I grew up in a farming village in Yorkshire. Life later took me elsewhere – to University, a career in London, and business school at Stanford in California. I returned to agriculture when I acquired PBS International, a business which serves plant breeders and seed producers by using technical fabrics to control pollen flows. It was then that I realised how much I had missed the agricultural and scientific world.
Visiting plant breeding research stations all over the world, I saw the scale of the potential to bring a diverse array of technologies to agriculture to make it more productive, profitable and sustainable. I am a tremendous believer in the potential of innovative technology in agriculture (“AgriTech”) and of entrepreneurship to step change both agricultural sustainability and productivity. To have a broader impact, beyond PBS International, our fantastic team and customers, I became a Non-Executive Director at Crop Health and Protection (CHAP), one of the UK Government AgriTech Centres. I chair the CHAP Advisory Panel, designed to scan the horizon for new technologies, challenges and opportunities; foster opportunities for collaboration. I also mentor a number of AgriTech start-ups. My family and I are lucky enough to live in a vibrant Yorkshire market town with coast, national park and AONB a stones-throw away. When weather and time allow, I love to admire it from light aircraft as well as from the ground. I am grateful to my family, the wonderful PBS team and my wider community for supporting me to do this study.
I would like to thank The Elizabeth Creak Charitable Trust for sponsoring this work with a Clyde Higgs Scholarship and the Jill Willows Memorial GFP Tour.
Innovating AgriTech Entrepreneurship’
Elizabeth Creak Charitable Trust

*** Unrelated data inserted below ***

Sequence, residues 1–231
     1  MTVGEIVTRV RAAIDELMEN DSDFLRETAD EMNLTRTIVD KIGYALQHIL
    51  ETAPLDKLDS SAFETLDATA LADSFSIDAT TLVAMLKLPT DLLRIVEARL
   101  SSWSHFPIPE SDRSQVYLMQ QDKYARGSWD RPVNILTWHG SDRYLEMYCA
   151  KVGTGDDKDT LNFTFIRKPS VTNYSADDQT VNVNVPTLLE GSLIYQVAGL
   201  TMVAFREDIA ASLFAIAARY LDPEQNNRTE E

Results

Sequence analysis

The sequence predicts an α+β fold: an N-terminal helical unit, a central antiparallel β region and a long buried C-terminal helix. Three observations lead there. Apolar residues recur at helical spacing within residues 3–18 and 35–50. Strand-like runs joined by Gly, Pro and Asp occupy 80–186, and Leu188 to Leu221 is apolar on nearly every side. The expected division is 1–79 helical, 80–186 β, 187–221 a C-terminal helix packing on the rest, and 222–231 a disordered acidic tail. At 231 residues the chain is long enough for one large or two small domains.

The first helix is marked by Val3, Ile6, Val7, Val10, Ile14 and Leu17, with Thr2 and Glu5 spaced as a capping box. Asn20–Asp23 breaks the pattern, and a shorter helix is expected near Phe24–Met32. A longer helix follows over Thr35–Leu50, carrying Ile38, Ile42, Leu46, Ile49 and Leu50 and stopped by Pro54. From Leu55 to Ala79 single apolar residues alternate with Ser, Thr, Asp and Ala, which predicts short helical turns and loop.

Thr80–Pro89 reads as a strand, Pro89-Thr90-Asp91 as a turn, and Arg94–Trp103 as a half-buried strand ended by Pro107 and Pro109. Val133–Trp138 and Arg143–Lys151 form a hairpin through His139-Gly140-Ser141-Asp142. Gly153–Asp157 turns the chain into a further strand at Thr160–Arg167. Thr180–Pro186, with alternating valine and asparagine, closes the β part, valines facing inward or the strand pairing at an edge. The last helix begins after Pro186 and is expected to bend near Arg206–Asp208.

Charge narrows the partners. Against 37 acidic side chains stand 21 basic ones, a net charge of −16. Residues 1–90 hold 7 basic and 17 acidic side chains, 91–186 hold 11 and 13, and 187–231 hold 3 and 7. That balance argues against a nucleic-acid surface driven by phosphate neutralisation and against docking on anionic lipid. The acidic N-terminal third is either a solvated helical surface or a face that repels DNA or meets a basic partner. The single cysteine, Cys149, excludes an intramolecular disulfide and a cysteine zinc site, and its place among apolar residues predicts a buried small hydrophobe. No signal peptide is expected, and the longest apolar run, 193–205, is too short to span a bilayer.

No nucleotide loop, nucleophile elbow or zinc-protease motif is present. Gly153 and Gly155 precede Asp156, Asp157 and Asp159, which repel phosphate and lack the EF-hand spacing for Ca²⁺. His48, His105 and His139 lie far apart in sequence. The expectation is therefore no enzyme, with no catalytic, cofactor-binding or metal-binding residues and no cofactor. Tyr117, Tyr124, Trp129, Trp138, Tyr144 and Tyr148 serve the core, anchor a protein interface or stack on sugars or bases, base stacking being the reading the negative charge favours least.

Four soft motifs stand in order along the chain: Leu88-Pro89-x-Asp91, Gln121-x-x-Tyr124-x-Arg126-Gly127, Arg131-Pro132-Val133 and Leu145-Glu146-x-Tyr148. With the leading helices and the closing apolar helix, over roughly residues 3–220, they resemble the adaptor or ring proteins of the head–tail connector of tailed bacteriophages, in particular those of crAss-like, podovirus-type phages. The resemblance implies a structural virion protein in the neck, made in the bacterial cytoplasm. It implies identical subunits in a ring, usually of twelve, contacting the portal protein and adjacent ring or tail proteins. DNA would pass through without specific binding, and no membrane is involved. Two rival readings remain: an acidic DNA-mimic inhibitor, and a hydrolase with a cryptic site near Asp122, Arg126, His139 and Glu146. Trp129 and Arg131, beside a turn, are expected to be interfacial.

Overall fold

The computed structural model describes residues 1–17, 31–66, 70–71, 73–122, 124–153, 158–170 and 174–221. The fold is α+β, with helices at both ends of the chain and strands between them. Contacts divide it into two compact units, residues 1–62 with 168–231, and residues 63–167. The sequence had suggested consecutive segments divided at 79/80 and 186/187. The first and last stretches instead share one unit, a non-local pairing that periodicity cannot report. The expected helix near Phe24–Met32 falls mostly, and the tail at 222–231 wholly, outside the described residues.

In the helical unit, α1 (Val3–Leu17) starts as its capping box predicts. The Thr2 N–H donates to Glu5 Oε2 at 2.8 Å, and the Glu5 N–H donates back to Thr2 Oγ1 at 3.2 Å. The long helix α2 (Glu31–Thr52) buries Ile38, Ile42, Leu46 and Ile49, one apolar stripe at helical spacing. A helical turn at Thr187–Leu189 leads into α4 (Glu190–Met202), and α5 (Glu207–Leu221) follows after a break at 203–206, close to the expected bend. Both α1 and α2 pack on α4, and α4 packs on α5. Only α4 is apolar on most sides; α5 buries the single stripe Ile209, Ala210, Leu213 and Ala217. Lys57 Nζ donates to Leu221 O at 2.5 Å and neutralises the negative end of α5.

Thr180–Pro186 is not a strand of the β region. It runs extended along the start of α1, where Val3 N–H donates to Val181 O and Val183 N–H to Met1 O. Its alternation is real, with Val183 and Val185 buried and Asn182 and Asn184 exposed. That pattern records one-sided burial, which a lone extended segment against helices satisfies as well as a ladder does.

Entrepreneurship has a powerful role to play in enabling scientific and technological developments to filter through to making on-farm practices more productive and more sustainable. Not only is this beneficial in its own right, it also has the potential to draw in talent and capital to the sector more generally.
The UK is strong at fundamental discoveries, but other parts of the world (eg Israel and the USA) are better than us at turning these into new companies. My theory is that those regions connect the innovators, investors, farmers and business support services to better effect. Therefore I want to use my study to understand how a thriving entrepreneurial AgriTech ecosystem works in other countries, and how the UK can be more effective in this respect.
One theory I hope to explore is that accelerator organisations – which take a cohort of young companies and support them through some of the key stages of development – may be instrumental as a focal point for network development.
Another possibility is that networks between innovators (entrepreneurs) and the eventual users (farmers) are stronger – so that innovations solve real problems, and the problems that producers face are the focus for innovator energies. Lastly, I’m curious to understand more about how “success” is defined, and whether different ecosystem structures serve some parties interests more than others (eg the entrepreneur’s, the investor’s, the government’s or the farming community’s).